• If the ingredients are too fatty, this will definitely make it more difficult to create textures and expressive brush-strokes;
  • Flat brushes or small brushes made of artificial horsehair will be ideal for this technique;
  • If you add sawdust, sand or very fine grit to the pigment, this will lend a unique aspect to the texture and allow you to really liven up your work, and above all – to increase the volume of each brush-stroke;

Some artists cover their completed paintings with a special glaze. Its thin film provides excellent protection that will prevent cracks and wrinkles appearing in the pigment and prevent it from peeling.

The most popular ways of using impasto:

Needless to say, this technique can be used in some unbelievably diverse ways. And yet after so many centuries of variation, there is still enough room to let your imagination run wild. Nonetheless, there are a few techniques which are already thought of as classic ones:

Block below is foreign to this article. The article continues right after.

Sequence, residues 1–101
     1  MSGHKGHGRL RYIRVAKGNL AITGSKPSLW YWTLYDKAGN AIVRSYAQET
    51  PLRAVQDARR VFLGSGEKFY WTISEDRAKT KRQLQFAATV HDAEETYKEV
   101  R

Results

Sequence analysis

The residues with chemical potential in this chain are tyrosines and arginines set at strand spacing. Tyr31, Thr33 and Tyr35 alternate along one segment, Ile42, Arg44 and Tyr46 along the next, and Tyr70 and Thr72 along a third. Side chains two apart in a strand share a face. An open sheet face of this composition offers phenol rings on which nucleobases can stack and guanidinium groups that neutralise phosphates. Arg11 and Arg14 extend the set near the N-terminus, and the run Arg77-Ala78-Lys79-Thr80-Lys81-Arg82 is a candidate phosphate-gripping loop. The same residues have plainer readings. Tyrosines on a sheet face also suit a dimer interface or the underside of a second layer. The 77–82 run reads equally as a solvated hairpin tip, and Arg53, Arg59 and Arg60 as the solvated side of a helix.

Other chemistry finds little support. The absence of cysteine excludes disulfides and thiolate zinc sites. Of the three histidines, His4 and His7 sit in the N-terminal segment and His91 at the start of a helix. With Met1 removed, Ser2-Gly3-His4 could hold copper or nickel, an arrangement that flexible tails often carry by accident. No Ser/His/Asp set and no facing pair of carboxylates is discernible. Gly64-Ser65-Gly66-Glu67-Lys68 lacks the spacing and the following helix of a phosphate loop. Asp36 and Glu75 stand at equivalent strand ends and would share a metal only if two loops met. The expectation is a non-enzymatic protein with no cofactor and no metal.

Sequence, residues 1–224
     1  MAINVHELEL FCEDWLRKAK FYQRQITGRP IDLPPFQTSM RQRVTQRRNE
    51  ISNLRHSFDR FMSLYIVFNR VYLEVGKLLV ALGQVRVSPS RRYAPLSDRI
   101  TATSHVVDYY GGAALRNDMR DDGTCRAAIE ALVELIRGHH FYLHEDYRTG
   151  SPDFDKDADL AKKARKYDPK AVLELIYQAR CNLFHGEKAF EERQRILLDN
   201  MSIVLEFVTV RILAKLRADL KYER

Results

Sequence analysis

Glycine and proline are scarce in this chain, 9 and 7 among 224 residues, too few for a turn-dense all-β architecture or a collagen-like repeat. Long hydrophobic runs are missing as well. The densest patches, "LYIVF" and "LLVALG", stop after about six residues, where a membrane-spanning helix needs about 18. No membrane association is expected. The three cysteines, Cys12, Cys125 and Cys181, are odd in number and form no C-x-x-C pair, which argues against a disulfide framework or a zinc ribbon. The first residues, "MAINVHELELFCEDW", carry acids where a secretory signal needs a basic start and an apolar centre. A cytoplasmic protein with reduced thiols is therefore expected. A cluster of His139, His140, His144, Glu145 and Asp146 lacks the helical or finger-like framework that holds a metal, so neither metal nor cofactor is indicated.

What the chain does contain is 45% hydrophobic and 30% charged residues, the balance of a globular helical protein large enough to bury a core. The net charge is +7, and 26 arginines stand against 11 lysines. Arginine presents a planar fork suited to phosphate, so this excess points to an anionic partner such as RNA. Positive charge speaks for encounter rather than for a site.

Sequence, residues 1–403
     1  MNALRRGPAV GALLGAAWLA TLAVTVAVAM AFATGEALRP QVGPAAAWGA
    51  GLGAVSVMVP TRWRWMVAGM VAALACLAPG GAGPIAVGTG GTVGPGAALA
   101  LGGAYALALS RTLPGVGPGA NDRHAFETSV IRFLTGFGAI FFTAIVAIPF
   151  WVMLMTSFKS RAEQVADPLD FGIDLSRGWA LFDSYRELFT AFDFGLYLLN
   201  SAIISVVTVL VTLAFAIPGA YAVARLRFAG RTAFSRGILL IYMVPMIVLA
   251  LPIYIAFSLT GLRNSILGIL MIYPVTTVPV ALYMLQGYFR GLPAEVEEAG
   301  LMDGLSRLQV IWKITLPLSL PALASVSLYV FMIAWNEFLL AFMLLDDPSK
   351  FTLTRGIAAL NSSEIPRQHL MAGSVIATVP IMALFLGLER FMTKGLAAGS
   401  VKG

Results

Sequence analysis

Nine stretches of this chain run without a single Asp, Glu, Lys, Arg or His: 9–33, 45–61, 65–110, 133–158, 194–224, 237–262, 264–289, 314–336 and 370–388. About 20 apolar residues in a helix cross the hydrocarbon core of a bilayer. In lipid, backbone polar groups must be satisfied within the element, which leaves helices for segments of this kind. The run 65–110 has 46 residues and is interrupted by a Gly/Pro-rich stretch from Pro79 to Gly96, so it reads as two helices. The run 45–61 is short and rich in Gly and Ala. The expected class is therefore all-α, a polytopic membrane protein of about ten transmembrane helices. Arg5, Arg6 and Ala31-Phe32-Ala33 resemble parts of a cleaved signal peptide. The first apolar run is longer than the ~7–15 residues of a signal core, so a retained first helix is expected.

• The thick stain: the paint is applied in broad, generous brush-strokes, as if you were spreading peanut butter on a piece of toast. The marks made by the palette knife will remain visible, and they will provide texture to the area in which they are applied;
  • Dashed and dotted lines: this effect is achieved when the paint is dabbed onto the canvas with a palette knife. On the lower part of the canvas, the paint that is applied gets ever so slightly stretched when the implement is pulled away from the canvas, leaving tiny crests;
  • Rounded brush-strokes: a rounded brush and a very moist pigment are used to create the arcs and semi-circles that Van Gogh loved to paint;
  • Lines: it is important that the lines don’t overlap with one another. This will provide extra character to the part of the canvas on which it is used;

Using whatever materials come to hand: this is not exactly a classic technique. Pick up anything that can be used to spread the paint over the canvas and simply experiment. You could start with a little cushion brush, for instance – you’re bound to get unusual results.

The impact of impasto is such that it is worth being bold and adopting a free style; use curved, sweeping brush-strokes to apply a thick layer of paint to the canvas and show the whole world how it looks, when seen through your eyes!